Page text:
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  5. "A Europa vai parar."

"A Europa vai parar."

Translation:Europe is going to stop.

August 7, 2013



I have no idea what this sentence is supposed to mean.


Seriously. Even if there is SOME applicable meaning, why choose this out of all of the possible reasons to use "parar" in a sentence?

In my opinion, this is the biggest, most consistent weakness of the Duolingo platform. It's not whether there is some possible use for a phrase, it that often no one seems to be asking themselves "Is THIS the best, or even a GOOD, introduction/reinforcement of a word or grammatical concept FOR THE REAL WORLD?".


In the real world, you hear weird/unusual sentences ALL THE TIME. If you can only understand things that are presented to you in nice little mundane phrases tied with bows, you won't be able to understand a huge portion of what people around you actually say. In fact, I have precisely the opposite view about what the biggest and most consistent weakness of the duolingo platform- I think it is that duo is far too focused on "correct" grammar which one generally only uses in "proper", "polite", and "educated" conversation. Duo doesn't teach you any slang, barely any colloquialisms, and zero curse words. Once you finish the duo tree and start watching movies or tv shows, reading books or blogs, or simply listening to average people, you realize how utterly unprepared you really are to understanding the actual language that you spent so much of your time learning.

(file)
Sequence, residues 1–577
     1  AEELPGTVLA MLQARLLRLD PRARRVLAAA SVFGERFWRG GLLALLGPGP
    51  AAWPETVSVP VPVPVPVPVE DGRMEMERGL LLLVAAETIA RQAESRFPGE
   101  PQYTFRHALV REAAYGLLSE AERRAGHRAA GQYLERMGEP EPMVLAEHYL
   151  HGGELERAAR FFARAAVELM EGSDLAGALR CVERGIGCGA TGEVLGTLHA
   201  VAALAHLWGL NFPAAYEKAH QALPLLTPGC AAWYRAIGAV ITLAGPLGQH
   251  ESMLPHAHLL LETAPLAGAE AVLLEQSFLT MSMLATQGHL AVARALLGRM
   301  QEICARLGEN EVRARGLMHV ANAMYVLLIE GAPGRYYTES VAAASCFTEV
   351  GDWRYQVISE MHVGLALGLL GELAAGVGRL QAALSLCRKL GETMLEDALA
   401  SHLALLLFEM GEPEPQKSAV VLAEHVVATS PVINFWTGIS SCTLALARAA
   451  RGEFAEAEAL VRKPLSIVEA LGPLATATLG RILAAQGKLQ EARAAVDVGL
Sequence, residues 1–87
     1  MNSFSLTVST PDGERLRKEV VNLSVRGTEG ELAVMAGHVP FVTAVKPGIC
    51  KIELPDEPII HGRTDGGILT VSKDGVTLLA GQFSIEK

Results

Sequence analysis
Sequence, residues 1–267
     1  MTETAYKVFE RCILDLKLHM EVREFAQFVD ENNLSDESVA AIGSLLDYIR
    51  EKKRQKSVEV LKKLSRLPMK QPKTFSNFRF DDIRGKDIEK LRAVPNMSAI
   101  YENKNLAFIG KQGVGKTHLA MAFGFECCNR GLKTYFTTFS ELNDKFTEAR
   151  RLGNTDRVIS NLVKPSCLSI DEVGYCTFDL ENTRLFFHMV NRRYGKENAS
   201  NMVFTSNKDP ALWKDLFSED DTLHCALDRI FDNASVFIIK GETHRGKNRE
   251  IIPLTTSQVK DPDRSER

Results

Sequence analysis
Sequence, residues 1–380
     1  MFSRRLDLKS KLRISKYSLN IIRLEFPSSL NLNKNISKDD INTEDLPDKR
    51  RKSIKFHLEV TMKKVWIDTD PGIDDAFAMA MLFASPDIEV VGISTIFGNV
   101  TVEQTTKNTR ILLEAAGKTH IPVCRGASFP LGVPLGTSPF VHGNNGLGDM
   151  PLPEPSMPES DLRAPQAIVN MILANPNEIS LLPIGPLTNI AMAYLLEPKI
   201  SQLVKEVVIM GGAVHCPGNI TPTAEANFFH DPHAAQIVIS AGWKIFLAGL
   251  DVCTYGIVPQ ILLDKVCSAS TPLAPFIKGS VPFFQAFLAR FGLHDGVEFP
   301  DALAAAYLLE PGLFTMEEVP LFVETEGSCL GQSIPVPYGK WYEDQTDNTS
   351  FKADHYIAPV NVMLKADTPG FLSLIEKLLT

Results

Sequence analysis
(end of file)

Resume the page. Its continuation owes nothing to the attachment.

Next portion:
You seem to forget that this is a basic course to learn languages. What you say is correct, the real world is full of weird sentences, but in order to understand those, you first need to understand the basics.